After Tragedy, A Look Inside the Lives of Sherpas

Wednesday, April 23, 2014

An elderly Sherpa woman holds her prayer beads May 25, 2003 in Phakding, Nepal in the Solu Khumbu region. (Paula Bronstein/Getty)

Sherpas have led Western climbers through the treacherous Himalayas since the late nineteenth century, but Sir Edmund Hillary's summit of Mount Everest cemented the practice in modern memory.

Hillary climbed with Sherpa Tenzing Norgay, and as Hillary told the press, "Tenzing and I have been climbing together a good deal and I think we've become a fairly happy pair." 

Today, the Sherpa community mourns, after an avalanche on Mount Everest killed at least 16 guides. Unless the Nepalese government meets certain demands, the Sherpas will strike. A Sherpa strike would mean the end of this year's Everest climbing season, a serious blow for the Nepalese economy and a disappointment for many mountaineers.

Peter Athans has worked with the Sherpa community since the 1980s. He's climbed Everest seven times, he's produced documentaries for National Geographic and PBS, and runs a climbing school for Sherpas in Nepal. He joins The Takeaway with longtime mountaineer Alan Arnette to discuss the Sherpa community and what the strike means for them, and for Nepal.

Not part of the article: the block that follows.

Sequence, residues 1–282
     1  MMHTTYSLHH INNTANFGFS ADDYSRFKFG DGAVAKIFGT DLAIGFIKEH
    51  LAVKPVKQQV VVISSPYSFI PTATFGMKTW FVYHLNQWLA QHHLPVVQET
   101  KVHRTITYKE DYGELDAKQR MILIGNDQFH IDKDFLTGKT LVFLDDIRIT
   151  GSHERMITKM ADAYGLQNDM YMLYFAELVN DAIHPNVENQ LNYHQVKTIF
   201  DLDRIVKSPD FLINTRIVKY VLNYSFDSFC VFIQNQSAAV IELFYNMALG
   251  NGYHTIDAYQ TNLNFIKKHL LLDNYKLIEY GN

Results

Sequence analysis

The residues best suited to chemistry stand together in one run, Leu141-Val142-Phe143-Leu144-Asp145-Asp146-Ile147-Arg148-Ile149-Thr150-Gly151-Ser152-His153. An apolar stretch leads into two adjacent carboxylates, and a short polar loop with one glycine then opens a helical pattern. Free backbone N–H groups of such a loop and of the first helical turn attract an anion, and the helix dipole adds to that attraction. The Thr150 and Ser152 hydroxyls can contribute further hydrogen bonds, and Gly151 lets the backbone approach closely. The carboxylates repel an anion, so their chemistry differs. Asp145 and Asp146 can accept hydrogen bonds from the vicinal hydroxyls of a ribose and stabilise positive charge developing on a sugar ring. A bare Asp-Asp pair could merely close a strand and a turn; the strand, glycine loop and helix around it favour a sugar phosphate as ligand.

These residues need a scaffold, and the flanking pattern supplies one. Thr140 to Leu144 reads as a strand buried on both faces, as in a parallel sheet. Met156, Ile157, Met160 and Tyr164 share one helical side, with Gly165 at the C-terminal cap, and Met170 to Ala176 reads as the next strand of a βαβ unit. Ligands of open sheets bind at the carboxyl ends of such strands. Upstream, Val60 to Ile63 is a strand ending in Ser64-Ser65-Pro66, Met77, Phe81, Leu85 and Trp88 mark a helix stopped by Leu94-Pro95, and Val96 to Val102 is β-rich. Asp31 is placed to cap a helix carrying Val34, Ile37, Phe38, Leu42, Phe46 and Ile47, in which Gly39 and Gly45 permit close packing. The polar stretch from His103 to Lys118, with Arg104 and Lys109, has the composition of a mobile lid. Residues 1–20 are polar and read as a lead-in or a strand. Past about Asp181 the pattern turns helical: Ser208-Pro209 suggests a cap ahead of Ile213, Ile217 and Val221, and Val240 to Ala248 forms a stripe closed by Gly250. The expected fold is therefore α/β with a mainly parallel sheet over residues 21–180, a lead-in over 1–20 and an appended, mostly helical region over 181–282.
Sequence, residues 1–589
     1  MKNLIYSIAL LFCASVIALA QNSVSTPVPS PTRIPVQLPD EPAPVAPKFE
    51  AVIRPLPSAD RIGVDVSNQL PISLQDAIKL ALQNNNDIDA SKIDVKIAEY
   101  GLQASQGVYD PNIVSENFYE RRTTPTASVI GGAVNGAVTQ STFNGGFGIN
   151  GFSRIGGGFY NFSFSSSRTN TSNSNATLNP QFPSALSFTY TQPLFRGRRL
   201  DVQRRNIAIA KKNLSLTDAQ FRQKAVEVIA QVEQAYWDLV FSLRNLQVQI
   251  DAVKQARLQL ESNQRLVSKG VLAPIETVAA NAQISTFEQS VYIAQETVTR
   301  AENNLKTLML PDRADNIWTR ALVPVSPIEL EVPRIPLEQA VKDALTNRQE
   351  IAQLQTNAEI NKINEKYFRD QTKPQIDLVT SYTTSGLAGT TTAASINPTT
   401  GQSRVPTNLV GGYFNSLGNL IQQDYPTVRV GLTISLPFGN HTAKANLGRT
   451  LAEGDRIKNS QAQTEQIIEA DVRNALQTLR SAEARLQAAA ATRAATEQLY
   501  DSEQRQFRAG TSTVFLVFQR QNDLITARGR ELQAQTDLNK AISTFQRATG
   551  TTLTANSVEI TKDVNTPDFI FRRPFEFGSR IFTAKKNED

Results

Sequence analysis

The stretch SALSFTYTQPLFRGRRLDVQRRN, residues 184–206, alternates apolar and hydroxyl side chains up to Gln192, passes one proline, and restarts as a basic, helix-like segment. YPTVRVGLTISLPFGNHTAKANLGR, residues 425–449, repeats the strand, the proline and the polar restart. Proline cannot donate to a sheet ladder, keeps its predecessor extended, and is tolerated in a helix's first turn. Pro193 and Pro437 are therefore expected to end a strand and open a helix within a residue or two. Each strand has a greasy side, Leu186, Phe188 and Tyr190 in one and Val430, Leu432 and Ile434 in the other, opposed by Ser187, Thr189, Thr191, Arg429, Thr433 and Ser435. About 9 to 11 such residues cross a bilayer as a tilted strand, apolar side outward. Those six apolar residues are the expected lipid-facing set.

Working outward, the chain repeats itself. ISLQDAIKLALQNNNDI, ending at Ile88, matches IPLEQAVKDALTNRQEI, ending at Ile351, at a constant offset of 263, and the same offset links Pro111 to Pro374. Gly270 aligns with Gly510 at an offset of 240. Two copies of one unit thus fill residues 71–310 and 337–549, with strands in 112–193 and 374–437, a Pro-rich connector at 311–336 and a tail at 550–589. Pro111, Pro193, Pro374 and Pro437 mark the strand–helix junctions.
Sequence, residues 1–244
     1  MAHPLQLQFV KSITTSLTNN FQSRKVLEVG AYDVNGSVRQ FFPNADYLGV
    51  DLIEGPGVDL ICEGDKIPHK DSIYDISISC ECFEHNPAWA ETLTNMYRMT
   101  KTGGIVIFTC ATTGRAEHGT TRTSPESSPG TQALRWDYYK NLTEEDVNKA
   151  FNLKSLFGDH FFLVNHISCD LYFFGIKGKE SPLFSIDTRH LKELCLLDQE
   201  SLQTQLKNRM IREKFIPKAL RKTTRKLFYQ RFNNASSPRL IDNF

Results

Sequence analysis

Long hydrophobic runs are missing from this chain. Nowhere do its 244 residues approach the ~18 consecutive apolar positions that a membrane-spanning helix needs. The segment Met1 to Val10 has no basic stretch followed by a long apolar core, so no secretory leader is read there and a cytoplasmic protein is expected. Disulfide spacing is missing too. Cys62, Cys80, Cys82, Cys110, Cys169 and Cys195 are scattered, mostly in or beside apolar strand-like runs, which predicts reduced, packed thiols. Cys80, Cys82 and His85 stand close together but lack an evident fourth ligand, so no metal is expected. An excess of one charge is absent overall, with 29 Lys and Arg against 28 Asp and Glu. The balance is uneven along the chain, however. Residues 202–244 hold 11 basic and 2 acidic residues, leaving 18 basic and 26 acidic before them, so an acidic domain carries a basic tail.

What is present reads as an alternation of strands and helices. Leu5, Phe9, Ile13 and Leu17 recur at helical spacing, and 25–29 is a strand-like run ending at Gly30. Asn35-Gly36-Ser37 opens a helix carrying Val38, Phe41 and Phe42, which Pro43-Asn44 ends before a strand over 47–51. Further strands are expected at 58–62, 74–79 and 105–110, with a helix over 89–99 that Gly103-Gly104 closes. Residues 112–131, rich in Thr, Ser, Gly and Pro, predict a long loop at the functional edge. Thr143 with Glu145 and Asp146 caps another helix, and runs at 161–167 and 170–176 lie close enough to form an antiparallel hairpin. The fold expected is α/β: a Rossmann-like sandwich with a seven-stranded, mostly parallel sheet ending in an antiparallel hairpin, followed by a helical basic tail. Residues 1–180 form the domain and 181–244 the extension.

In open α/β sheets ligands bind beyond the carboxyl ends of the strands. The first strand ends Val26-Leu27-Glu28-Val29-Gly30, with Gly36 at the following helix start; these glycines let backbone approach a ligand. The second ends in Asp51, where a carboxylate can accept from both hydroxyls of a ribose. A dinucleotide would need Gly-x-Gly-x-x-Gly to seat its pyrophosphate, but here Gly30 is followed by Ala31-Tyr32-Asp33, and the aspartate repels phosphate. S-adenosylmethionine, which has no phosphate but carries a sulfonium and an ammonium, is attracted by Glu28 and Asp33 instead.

Guests:

Alan Arnette and Peter Athans

Hosted by:

Todd Zwillich

Produced by:

Jillian Weinberger

Comments [2]

Matilda Virgilio from Valley Stream, NY

The need to climb Mt.Everest, which seems to me to be a need of the idle rich to be entertained by their own ego, to compete with their own inner demons, to contribute to their sense of worth, to fill their idle time, to give their life meaning....This issue is a perfect metaphor for the class struggle which has existed since time began & is now playing itself out in yet one more arena. The idle rich pursue their pleasure on the backs of the poor..yet doing it with a sense of grandiosity...to feel superior....to be on top of the world...literally...so they can look down on the rest of the world. Ironically on the backs of the people who truly live heroic lives in silence to help their families...It would be a greater thing to do...if they provided sustainable life options for the Sherpas OR IF they used their money to help others in need, better yet to roll of their sleeves & do some hands on work...break out into a sweat & get their hands dirty helping others who need it. Those are the real mountains to surmount....In their own back yards, no need to go to the other side of the world for challenge themselves.....DENIAL & ENTITLEMENT cloud the ego...We have misplaced our souls lost in the gilded statue we call "freedom to pursue happiness" How can it be good to pursue it on the backs of others? This is why the camel will seldom fit in the eye of the needle

Apr. 29 2014 12:14 PM
Jon

Great story. What was the song played during the interlude at about 1249 pm mountain time?

Apr. 23 2014 04:11 PM

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